What started out as following social media dialogue and speaking to physical therapy peers, soon developed into an unforgettable opportunity.
Josh Karnowski, second year Doctor of Physical Therapy student, recently returned from the American Physical Therapy Association’s House of Delegates conference where he was selected as one of fifteen student ushers for the event. The event was held in Boston, MA from June 19-21.
“The House of Delegates is the policy-making body of the APTA,” describes Josh. “Each year, peer-elected physical therapists convene to discuss and vote on motions that ‘amend APTA’s bylaws, direct a course of action, articulate an association attitude on the physical therapy needs of the public or the needs of members, or describe a goal the association wishes to achieve’ (APTA website).’” Karnowski’s responsibilities included monitoring who entered the chamber during House deliberations, distributing and troubleshooting audience response system handsets used during votes, and passing notes between delegates to facilitate discussion on motions. He also volunteered as a door monitor during panel interviews for candidates vying for positions with the APTA Board of Directors and Nominating Committee.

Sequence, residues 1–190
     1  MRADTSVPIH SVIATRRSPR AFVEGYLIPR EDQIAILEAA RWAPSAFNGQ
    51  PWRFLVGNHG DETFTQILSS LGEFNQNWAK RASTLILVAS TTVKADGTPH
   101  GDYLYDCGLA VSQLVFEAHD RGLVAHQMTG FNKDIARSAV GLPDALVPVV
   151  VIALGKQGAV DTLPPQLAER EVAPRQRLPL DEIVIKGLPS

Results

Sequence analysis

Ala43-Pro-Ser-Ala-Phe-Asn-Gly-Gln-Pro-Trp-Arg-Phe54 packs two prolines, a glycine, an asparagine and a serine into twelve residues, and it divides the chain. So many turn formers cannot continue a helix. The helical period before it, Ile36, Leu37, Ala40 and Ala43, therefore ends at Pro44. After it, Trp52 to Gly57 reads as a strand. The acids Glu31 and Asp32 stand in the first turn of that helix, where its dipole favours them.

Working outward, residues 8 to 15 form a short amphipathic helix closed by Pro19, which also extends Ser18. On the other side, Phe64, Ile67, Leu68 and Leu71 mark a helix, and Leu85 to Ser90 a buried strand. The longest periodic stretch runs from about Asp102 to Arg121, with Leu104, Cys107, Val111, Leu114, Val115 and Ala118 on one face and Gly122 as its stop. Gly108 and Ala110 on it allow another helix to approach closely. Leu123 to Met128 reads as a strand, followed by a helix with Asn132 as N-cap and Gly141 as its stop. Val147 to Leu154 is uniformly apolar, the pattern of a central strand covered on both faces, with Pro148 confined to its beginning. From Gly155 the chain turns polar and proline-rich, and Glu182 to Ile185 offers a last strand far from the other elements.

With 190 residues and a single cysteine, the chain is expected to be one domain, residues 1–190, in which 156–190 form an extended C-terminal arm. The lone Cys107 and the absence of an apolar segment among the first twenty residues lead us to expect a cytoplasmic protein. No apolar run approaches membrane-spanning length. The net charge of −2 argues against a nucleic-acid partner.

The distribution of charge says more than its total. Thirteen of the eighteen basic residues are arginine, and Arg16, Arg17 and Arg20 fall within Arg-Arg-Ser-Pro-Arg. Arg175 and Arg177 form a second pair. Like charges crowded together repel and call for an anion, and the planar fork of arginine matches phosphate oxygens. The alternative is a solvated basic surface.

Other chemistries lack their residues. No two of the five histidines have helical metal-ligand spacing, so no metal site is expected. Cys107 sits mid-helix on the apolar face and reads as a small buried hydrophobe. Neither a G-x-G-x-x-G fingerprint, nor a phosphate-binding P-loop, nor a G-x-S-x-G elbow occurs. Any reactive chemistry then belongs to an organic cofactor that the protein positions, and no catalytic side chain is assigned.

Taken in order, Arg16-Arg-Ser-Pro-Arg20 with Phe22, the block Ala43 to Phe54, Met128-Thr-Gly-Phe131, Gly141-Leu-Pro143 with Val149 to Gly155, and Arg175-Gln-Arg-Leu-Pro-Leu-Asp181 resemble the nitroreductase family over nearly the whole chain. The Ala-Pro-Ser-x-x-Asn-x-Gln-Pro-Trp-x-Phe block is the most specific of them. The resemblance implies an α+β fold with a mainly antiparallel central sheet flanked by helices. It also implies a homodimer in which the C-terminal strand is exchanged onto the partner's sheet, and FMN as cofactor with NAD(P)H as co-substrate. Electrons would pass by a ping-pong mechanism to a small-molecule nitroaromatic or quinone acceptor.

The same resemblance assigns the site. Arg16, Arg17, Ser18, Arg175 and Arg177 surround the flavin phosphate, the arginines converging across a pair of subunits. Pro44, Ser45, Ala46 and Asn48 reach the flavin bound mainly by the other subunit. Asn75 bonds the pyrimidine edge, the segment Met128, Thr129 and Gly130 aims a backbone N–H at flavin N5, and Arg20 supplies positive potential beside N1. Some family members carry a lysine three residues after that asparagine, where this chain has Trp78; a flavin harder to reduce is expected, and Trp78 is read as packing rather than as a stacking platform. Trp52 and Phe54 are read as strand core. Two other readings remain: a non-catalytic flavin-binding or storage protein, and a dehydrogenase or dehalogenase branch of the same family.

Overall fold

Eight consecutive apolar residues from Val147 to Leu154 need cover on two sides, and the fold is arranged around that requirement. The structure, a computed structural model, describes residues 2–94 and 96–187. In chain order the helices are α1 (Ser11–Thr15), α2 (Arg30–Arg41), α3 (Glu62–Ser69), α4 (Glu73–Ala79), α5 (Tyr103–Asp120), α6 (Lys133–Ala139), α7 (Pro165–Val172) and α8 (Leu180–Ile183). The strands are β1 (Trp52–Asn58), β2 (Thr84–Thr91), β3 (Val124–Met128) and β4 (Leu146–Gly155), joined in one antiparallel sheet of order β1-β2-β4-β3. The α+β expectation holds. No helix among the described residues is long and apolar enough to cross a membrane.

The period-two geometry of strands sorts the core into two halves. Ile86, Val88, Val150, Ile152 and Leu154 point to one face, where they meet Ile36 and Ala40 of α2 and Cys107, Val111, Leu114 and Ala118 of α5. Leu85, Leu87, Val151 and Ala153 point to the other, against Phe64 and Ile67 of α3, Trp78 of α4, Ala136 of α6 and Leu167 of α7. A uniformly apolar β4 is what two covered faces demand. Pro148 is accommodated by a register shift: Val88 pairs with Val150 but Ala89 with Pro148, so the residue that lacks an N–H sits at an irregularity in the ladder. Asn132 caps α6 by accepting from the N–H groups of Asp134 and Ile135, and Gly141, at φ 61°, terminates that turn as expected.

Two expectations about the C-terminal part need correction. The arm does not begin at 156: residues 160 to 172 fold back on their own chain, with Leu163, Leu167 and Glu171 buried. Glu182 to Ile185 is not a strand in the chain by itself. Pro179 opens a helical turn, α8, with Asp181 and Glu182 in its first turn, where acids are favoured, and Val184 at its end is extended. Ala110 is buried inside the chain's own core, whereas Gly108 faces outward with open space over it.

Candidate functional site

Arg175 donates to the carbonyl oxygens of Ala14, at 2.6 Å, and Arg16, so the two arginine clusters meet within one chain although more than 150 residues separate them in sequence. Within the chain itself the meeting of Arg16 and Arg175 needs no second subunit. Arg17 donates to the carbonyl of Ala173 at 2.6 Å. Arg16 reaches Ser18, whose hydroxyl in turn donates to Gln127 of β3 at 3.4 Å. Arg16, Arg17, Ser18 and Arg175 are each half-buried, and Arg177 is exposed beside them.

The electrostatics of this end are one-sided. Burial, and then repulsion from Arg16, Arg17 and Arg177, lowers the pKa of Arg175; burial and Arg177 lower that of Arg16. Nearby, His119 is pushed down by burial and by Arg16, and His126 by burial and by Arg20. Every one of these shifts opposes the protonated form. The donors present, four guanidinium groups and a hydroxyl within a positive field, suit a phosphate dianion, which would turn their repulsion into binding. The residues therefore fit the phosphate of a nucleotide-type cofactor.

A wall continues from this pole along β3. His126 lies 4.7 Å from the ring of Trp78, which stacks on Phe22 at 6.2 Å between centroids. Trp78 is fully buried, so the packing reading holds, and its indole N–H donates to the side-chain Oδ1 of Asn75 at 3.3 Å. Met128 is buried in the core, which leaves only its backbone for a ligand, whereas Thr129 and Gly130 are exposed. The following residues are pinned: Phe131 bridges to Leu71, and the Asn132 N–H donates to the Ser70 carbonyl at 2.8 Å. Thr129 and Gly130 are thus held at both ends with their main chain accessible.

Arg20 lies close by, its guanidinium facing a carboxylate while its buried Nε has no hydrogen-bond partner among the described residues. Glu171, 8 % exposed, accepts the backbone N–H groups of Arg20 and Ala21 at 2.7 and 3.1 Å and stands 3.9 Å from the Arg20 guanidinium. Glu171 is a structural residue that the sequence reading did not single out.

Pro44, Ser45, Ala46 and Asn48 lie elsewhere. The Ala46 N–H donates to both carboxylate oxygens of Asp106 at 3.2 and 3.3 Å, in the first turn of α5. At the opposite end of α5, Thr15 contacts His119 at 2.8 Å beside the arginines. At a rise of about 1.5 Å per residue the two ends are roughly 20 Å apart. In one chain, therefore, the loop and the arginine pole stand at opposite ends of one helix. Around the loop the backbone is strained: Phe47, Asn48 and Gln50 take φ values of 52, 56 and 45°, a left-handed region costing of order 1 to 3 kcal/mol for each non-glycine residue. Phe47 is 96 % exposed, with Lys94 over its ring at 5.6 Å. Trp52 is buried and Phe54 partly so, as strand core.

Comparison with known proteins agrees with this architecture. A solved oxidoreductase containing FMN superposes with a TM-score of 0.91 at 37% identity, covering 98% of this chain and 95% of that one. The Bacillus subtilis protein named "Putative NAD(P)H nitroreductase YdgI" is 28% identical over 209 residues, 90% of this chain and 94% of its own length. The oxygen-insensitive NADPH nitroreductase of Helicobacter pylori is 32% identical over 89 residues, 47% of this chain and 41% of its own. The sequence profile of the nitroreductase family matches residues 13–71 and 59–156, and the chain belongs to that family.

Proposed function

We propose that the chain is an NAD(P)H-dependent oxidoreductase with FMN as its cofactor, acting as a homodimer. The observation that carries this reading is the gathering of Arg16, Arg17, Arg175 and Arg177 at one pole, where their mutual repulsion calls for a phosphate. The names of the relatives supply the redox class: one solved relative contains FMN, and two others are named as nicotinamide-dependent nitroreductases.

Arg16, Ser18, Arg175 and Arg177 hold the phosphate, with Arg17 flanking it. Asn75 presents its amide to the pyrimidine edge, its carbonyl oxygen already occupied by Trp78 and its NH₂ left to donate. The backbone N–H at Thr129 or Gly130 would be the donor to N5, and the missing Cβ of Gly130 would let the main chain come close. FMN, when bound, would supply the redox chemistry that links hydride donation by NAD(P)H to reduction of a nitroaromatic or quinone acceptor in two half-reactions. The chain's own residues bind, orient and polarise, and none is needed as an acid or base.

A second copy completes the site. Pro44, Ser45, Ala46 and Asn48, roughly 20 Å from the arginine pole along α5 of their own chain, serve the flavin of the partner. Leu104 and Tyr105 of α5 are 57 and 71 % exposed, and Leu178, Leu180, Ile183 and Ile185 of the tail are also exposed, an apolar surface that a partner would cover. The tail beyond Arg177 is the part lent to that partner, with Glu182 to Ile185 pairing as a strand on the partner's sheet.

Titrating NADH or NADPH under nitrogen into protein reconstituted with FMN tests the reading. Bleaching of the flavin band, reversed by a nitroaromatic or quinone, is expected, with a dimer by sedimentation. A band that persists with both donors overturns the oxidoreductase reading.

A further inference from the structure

Karnowski was pleasantly surprised with the atmosphere and experience of the event. He noticed the hundreds of delegates in attendance loved their profession, warmly welcomed first-timers, and respectfully considered each statement brought about for vote. Debates did not feel labored, rather “there was a real sense that everyone was carefully considering the importance of how the profession presents itself to the public and the greater healthcare community,” writes Josh in the APTA Student Assembly newsletter.
“I learned that there are a lot of very friendly, very helpful therapists from around the country who want to help students succeed and find their niche within the profession. I left Boston with a lot of business cards from PTs who offered me a clinical rotation spot while I’m in school and/or a job after graduation. This was a great unexpected peripheral benefit of the experience. I would love to continue attending the event as a student and then as a delegate once I’m a licensed therapist,” explains Josh.